October 11 – Pray for leaders and students in WDC congregations who participate in Instituto Biblico Anabautista, as it equips Hispanic leaders in the Mennonite Church.

October 18 – Pray for Richard Gehring, Byron Pellecer and Heidi Regier Kreider as they travel this week to represent WDC at meetings of the Mennonite Church USA Constituency Leaders Council, October 19-21 in Archbold, OH.

October 25 – Pray for God’s wisdom, joy and safety for all who travel and gather for WDC Assembly next weekend on the Bethel College campus.

Coming Events

October 30 (1:00-4:30 pm) – Pastor’s Afternoon Apart, Faith Mennonite Church

October 30-31 – WDC Annual Assembly, Bethel College, North Newton, KS

Parish Paper

The October issue of Parish Paper, entitled “New Models for New Churches:  What Works?” can now be viewed at:  https://mennowdc.org/conference-life/parish-paper/.

WDC Announcements

  1. The WDC Annual Assembly is only a month away!  Need-based scholarships are available for up to 1/2 of the cost of registration and meals, not to exceed $50 per individual.  Scholarships will be granted on a first-come, first-served basis as long as funds are available.  Contact the WDC office at 316-283-6300.
  1. Pastors’ Afternoon Apart will be held on October 30, from 1:00-4:30 pm at Faith Mennonite Church.  See details at https://mennowdc.org/pastors-afternoon-apart-october-30-2015/.  Remember to register by October 16!
  1. Who cares what you wear!  Camp Mennoscah has two weeks of Scrapbooking Retreats–one right after the other.  Put on your scrappy happy shoes and join us for Oct. 30-Nov. 1 or Nov. 6-8.  Here’s a chance to spend the day in your pajamas, your coffee (or other beverage) in a covered mug by your side, and your memories in front of you.  Register online at www.campmennoscah.org or call us at 620-297-3290.
  1. Whatever the weather, we’re taking out the dam.  Watchers and doers alike are invited to come to Camp Mennoscah for the annual removal of the dam.  There is some weather for which we would cancel–blizzard, lightning, tornado, for example–but otherwise we will barrel forward.  We do this to clean out the muck and mud behind the dam.  Call 620-297-3290 with questions.
  1. Thank you to our amazing Work & Players!  67 people attended Camp Mennoscah Association’s annual meeting on September 20, and approx. 40 of you stuck around for Work & Play Camp.  We can’t thank you enough for the many projects that you completed and the amazing energy and enthusiasm that you brought with you.  You are the bestest!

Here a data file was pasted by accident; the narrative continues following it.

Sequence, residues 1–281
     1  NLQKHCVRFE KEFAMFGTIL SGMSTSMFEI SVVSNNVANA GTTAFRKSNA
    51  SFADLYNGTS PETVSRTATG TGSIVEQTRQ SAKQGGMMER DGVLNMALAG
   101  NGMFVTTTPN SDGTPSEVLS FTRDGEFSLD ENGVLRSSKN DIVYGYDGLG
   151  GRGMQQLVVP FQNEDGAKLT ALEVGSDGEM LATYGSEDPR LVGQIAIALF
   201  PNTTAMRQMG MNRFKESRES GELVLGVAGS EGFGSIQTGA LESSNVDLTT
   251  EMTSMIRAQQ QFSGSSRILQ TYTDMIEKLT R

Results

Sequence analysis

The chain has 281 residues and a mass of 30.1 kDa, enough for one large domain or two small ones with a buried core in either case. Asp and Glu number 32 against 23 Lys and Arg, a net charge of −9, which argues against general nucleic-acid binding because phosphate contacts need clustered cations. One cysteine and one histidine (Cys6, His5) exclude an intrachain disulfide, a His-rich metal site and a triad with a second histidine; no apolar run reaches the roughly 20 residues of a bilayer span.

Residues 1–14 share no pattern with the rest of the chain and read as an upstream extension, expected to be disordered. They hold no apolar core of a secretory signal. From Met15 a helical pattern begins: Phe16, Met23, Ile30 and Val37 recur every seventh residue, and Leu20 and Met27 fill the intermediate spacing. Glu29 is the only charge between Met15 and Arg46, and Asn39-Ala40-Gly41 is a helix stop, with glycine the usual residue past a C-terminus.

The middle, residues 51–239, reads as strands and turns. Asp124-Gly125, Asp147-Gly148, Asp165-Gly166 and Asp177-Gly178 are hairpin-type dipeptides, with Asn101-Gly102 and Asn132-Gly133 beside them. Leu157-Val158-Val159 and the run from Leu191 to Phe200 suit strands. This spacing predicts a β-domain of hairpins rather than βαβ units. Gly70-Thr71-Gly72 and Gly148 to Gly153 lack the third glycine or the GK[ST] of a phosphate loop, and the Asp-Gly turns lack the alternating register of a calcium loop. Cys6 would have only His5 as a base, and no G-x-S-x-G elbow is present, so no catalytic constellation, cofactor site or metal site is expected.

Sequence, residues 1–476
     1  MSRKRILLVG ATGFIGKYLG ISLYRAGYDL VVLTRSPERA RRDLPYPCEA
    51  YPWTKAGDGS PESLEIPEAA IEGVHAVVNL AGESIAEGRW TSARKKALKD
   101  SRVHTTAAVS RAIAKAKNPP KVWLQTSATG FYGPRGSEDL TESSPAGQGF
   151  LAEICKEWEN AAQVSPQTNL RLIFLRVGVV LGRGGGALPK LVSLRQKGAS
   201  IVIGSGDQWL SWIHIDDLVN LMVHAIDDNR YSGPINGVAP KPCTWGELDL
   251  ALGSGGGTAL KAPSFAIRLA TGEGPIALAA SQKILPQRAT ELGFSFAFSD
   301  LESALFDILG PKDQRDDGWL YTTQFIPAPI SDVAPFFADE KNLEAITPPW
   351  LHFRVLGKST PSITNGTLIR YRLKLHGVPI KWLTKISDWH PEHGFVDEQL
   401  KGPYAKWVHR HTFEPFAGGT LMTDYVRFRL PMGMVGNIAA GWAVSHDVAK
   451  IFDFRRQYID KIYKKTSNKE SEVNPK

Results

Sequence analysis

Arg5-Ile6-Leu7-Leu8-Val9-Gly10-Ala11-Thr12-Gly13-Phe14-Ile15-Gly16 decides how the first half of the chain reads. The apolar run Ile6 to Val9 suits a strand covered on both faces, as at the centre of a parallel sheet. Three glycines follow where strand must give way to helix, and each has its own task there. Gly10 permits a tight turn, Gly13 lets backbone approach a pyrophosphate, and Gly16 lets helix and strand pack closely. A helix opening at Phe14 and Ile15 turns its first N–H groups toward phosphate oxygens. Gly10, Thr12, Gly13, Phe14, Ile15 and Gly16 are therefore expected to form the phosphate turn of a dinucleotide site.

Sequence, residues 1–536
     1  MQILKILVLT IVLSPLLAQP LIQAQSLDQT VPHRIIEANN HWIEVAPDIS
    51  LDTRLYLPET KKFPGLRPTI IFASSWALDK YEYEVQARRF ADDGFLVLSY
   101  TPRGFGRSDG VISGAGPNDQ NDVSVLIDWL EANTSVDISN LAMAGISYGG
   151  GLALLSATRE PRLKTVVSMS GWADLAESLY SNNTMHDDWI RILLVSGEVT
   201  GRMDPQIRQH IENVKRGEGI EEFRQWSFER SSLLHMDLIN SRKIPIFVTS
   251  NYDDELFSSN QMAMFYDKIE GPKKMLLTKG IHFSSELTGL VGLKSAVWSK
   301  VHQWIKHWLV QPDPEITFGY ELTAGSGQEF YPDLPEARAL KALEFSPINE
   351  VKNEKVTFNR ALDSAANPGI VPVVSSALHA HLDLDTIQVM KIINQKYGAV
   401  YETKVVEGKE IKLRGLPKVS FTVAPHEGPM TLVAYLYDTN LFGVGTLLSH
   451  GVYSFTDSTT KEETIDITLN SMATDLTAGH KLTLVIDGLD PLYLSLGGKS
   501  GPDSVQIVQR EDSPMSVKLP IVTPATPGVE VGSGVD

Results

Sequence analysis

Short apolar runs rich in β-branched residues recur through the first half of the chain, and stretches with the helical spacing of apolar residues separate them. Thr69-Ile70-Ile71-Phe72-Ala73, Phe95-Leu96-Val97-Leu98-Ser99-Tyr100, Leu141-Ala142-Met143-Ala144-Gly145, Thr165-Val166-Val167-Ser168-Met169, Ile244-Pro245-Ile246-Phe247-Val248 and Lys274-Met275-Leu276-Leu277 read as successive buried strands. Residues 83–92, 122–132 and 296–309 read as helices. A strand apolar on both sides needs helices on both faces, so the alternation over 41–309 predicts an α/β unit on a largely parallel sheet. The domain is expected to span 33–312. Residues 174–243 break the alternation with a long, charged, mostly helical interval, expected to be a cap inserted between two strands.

1. COME AND SEE TOUR TO ISRAEL/PALESTINE:  At the Kansas City convention, a resolution was approved encouraging Mennonites to acquaint themselves as fully as possible with the issues surrounding the longstanding conflict between Israel and Palestine.  To work toward that end, fifteen persons from South Central and Western District Conferences are invited to consider joining a tour to Israel/Palestine from April 2-13, 2016.  First some background:

Mennonites have been involved in witness and ministry in Israel/Palestine for more than 65 years. We have tried to faithfully be and proclaim the good news of peace in that troubled region where Jesus once walked and preached. The profound history of pain and trauma and the ongoing violence and injustice there is an undercurrent for violence in the entire Middle East region and across the globe.

Our churches and our agencies are directly and indirectly involved in the events of this region: whether through our service and witness efforts there, through difficult questions we face about investments, when we seek as peacemakers to confront root causes of war, or when engaging the theology of Christian Zionism in our congregations.

In 2011, building on earlier initiatives, the Executive Board of Mennonite Church USA, wrote a response to Kairos Palestine, an urgent appeal from a broad range of Palestinian Christian leaders. The Executive Board committed itself in that response to promote and expand opportunities for our leaders and members to visit Palestinian Christians to get to know them, pray with them, and come and see their reality. In our desire to be peacebuilders, the Executive Board is also committed to learning from the Jewish story of suffering and injustice.